Thursday, February 12, 2009

Why Broadband Is Now Critical Infrastructure

Google's take on broadband provisions in the economic stimulus package:

4 comments:

Jeff Yager said...

Isn't this like the Big Three auto guys advocating building more roads? Take it with a grain of salt.

Christopher Patton said...

I think it's more like building roads and the electrical grid. Yes, Google, stands to benefit, but so do all other companies as they use the Internet as a utility to empower them to grow their businesses. And, as is the case with developing roads and the power grid, there are numerous collective action problems that make government involvement hard to avoid.

Jeff Yager said...

Right, I guess I wasn't dismissing the plan outright. It's just always good to recognize who stands to benefit. Nobody disputes that the interstate highway system was a great infrastructure addition, but the car industry definitely stood to benefit. What if they had decided to build a huge railroad network instead? What happens if a different technology ( possibly satellite communication to reach remote areas) improves in 10 years and it turns out the investment in broadband was for naught?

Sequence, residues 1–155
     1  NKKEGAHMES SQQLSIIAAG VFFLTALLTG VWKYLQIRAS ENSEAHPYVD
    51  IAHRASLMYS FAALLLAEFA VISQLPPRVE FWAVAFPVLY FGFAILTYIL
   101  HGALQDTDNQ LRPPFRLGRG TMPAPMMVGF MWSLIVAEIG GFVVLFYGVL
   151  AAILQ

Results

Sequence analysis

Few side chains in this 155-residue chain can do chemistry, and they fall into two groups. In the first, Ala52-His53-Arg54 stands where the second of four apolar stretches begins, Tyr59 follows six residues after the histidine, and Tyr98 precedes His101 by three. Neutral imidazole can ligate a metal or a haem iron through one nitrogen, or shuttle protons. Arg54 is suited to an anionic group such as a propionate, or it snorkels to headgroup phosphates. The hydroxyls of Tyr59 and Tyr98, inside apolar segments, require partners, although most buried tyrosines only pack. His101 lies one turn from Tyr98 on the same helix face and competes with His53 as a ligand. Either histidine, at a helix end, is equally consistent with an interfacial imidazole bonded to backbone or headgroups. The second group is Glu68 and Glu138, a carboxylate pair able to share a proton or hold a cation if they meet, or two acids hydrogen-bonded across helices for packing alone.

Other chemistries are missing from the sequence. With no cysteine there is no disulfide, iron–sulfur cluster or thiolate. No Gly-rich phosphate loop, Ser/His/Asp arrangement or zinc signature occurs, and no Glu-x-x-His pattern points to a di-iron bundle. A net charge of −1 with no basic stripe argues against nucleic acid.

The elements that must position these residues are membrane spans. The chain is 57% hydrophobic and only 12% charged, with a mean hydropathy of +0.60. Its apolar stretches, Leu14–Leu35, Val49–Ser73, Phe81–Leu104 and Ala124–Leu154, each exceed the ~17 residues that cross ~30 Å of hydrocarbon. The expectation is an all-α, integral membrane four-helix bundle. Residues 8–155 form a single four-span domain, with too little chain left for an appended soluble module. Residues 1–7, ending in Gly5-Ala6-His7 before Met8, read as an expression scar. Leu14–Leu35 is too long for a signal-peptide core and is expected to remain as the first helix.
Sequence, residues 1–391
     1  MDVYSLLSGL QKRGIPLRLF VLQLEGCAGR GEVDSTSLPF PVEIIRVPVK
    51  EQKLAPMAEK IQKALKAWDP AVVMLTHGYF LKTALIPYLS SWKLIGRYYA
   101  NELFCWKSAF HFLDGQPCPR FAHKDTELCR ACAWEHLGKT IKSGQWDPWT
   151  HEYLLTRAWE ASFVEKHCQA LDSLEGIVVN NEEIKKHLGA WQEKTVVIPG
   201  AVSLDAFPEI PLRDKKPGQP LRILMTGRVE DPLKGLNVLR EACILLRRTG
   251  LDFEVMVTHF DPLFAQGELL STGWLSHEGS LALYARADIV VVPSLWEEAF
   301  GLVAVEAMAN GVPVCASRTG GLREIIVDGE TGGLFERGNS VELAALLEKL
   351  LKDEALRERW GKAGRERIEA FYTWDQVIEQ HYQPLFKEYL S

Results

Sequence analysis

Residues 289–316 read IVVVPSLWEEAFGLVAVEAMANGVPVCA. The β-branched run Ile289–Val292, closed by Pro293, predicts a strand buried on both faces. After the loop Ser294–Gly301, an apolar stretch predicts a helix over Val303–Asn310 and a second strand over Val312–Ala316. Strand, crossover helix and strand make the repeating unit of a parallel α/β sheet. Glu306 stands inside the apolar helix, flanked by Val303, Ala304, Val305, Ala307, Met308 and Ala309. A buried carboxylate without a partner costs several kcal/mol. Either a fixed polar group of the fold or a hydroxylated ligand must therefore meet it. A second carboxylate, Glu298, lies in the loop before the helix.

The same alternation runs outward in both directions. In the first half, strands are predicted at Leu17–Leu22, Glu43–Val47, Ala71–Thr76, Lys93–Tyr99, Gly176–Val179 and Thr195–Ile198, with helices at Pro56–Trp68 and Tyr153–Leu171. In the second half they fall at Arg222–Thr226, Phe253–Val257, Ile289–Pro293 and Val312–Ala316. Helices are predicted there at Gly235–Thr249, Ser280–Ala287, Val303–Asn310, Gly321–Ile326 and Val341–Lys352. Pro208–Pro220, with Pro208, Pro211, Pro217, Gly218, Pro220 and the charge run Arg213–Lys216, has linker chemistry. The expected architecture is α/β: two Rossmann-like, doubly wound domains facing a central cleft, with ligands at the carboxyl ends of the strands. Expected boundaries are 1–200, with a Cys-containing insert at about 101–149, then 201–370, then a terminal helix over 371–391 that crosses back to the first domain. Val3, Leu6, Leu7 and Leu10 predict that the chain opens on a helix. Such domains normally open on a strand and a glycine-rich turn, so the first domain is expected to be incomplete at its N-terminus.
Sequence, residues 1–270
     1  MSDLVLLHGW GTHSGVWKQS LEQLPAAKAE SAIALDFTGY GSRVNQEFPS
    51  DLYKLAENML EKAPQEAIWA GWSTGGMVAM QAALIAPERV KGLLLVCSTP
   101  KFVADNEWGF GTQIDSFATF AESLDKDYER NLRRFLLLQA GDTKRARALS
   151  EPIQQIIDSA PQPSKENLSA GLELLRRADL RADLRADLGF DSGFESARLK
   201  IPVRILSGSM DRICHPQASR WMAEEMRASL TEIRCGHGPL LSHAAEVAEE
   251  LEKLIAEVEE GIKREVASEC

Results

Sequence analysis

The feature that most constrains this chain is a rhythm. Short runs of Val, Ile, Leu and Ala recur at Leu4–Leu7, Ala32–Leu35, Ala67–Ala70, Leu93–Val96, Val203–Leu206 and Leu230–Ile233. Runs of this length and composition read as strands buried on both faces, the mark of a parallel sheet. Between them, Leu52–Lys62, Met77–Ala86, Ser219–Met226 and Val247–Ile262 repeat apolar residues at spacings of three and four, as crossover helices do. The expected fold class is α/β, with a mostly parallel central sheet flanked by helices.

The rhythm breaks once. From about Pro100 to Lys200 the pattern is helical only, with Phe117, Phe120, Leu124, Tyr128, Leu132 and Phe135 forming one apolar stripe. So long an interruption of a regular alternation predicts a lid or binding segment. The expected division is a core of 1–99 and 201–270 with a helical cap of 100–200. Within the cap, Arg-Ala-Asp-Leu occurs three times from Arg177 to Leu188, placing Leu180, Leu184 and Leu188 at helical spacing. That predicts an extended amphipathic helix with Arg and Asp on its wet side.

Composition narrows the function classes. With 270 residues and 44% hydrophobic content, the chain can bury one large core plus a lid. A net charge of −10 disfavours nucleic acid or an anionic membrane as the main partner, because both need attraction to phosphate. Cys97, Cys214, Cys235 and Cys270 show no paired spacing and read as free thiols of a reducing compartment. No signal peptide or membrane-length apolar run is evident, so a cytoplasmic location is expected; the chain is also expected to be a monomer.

Christopher Patton said...

Of course we should attempt to have government infrastructure spending allocated toward projects that will do the most to benefit to the economy overall as opposed to favoring particular businesses that happen to be major political donors. Thus, your comment about the difficulty of allocating resources among various infrastructure options is well-taken. But given the potential of the Internet to fuel growth throughout the private sector, I think it's well worth our investment. Even if a better technology comes along in 10 years, we will still have benefited from having robust nationwide broadband infrastructure in the meantime.